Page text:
Winter pizzazz of flowering maple and ornamental grasses

A mild winter makes flowering maple (Abutilon) happy, and that makes me happy. I adore its pink-veined, balloon-skirted flowers.

Here you see it in the foreground, part of the stock-tank pond garden. Let’s walk up the hillside path, shall we? But first, check out how big the ‘Blue Ice’ Arizona cypress has gotten!

For comparison, here’s how big it was in 2009. A wee tyke.

The butterfly-shaped seedpods of the gallinita vine (Mascagnia macroptera) are still a mixture of chartreuse and winter-tan. This well-behaved vine clusters densely atop the Heart Gate, putting rich greenery up against the gray-greens of the live oaks.

A closer view of the lepidopterous (did I use that right?) seedpods

Beyond the gate, it’s all grasses, baby — inland sea oats (Chasmanthium latifolium) on the left, bamboo muhly (Muhlenbergia dumosa) on the right, and a variegated miscanthus (Miscanthus sinensis) about halfway up the path. These grasses require little maintenance — just an annual cut-back and seedling removal in spring for the sea oats and periodic quick trims to keep the bamboo muhly tidy — and the deer shun them.

Here’s how this space looked when we moved in. Nice lawn but lots of mowing, edging, and watering. I much prefer ornamental grass to lawn grass. How about you?

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Upcoming Events and News

Hold the Hose! Join me for my kick-off garden talk for my new book, The Water-Saving Garden, on February 27, at 10 am, at The Natural Gardener nursery in southwest Austin. My talk is called “Hold the Hose! How to Make Your Garden Water Thrifty and Beautiful,” and it’s free to the public. Afterward I’ll have books available for purchase and will be glad to autograph one for you! Dress for the weather, as the talk will be held in the big tent outside.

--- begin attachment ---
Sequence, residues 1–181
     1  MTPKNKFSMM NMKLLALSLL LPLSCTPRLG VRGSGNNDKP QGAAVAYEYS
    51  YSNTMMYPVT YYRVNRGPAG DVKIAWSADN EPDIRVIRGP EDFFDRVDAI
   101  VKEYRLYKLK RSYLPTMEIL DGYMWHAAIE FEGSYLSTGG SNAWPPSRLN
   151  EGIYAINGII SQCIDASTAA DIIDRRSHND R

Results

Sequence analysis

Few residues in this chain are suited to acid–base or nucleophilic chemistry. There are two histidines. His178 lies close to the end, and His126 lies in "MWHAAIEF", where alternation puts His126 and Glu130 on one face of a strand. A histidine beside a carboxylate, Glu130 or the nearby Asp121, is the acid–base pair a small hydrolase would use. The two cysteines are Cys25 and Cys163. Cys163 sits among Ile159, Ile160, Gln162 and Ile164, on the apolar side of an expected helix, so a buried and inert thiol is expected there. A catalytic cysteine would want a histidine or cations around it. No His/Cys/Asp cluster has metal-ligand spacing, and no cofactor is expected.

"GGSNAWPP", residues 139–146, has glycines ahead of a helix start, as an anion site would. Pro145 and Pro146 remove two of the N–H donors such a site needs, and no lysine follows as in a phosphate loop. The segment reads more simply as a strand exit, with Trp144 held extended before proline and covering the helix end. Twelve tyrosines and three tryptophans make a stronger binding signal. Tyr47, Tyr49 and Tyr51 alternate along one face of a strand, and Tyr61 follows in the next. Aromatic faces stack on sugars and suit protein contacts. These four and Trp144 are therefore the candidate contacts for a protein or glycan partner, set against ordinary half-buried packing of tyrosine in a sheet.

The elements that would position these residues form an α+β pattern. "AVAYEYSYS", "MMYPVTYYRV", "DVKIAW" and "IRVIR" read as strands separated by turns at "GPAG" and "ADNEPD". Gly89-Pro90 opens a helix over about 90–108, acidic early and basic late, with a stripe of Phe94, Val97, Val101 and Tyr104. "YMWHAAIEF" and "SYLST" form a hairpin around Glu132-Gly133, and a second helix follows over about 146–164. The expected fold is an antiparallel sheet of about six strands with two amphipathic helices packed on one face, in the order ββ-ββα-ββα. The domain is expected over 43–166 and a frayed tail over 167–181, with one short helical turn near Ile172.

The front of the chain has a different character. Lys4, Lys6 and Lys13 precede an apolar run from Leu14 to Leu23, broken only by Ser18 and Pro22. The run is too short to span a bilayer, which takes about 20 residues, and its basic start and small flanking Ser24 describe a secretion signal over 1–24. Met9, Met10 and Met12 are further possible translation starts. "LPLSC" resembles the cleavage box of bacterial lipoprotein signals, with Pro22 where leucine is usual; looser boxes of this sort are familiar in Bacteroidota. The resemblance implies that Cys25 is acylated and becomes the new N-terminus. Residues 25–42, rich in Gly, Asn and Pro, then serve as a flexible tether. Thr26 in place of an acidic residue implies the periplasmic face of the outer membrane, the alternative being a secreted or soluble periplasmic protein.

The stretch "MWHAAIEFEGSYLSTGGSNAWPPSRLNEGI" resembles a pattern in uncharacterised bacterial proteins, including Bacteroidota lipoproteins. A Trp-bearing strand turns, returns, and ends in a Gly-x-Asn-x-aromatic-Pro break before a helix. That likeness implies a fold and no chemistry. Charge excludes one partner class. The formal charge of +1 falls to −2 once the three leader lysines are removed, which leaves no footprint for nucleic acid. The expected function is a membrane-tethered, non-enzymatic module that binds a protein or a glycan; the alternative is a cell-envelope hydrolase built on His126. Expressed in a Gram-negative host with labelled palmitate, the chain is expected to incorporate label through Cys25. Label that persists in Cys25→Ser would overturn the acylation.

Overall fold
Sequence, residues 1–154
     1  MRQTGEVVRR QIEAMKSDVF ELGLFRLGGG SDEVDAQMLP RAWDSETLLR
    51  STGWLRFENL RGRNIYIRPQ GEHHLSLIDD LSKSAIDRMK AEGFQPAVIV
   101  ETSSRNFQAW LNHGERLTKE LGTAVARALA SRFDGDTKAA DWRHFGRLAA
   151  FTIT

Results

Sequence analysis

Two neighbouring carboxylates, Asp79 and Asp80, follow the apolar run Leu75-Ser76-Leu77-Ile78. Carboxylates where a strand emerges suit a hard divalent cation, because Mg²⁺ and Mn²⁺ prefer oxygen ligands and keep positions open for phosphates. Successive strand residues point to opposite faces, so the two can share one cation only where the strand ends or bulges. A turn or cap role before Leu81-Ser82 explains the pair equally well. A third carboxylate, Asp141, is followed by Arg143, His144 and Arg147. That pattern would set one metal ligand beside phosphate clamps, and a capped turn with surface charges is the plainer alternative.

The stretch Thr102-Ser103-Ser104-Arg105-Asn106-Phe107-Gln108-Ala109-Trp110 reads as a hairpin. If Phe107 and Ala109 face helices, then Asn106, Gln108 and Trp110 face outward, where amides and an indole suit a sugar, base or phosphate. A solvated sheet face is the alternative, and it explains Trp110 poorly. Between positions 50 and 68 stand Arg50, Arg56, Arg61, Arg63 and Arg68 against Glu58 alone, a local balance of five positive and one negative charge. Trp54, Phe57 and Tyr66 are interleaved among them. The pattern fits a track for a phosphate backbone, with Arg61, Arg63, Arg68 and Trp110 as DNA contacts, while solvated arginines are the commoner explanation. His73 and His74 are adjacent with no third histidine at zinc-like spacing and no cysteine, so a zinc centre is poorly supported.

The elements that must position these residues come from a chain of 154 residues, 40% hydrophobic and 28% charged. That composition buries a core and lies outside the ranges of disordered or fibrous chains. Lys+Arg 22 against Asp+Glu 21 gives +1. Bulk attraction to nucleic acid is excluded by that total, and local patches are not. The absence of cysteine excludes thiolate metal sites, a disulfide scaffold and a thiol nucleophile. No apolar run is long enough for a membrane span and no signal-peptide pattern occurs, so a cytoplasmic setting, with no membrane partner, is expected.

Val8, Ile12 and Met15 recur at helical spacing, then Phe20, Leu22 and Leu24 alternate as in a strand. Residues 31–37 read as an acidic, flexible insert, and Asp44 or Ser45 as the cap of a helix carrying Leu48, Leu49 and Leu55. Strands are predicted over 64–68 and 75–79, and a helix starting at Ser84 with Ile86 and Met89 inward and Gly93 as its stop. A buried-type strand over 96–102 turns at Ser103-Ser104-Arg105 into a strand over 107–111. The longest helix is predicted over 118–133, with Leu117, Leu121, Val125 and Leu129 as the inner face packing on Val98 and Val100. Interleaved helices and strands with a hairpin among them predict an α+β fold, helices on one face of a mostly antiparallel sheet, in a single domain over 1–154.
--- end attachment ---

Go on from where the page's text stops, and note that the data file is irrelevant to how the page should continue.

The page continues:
All material © 2006-2016 by Pam Penick for Digging. Unauthorized reproduction prohibited.

14 Responses

  1. Love those grasses.
    I have the inland sea oats, and I’m thinking about the bamboo muhly. We get a lot colder here than you do, though.

    I have so much gardening to catch up on here.

  2. Melody McMahon says:

    Pam, what a wild winter we are having! My front property looks like Ireland, it’s so green! And my daffodils are already blooming! At least I’ve had plenty of good days to work in the garden and get lots done before the heat of summer is upon us again!

    • Pam/Digging says:

      Daffodils? Our winters are always so mixed up with warm weather — up and down, up and down. Not that I’m complaining. Winter is one of my favorite seasons here. —Pam

  3. Renee says:

    Such changes! Every time I see your bamboo muhly, I’m reminded I should find some for my garden.

    • Pam/Digging says:

      It’s everywhere in Austin these days, although 10 years ago it was new and different. It’s an Arizona and West Texas native, so I think it would do well for you, Renee. —Pam

  4. catmint says:

    So interesting to see the dramatic before and after shots. I did the same, gradually got rid of all the lawn, even on the street verge.

  5. Happy New Year Pam,
    Your garden is looking wonderful this winter. I love Flowering maples and I even like the color of grasses in the winter…reminds me of wheat. I had forgot about your faux windows, I like to do something like that in small spaces, it really works to add interest on your side path. Fun to see how things have come along over time too!

    • Pam/Digging says:

      I always admire your lattice mirrors when I see them in your designs, Laurin. It’s a good trick to bounce some light around, without creating an expansive mirror that birds might crash into. —Pam

  6. Marilyn says:

    LOVE that 2nd photo! What a lovely garden. Thank you for sharing. Also, thank you husband for his efforts on the photos coming directly to the inbox with the email. Awesome!

    PS The abutilon was still blooming at the JC Raulston Arboretum in Raleigh, NC a few days ago, zone 7B. What a mild winter so far!

  7. Wendy Moore says:

    I love the Blue Ice Arizona cypress! I think I might need an Abutilon – looks like maybe they tolerate light or partial shade?

    • Pam/Digging says:

      Yes, abutilons prefer dappled shade or, at most, morning sun in my garden, Wendy. Plant after all danger of freezing weather is past to give them a good start. —Pam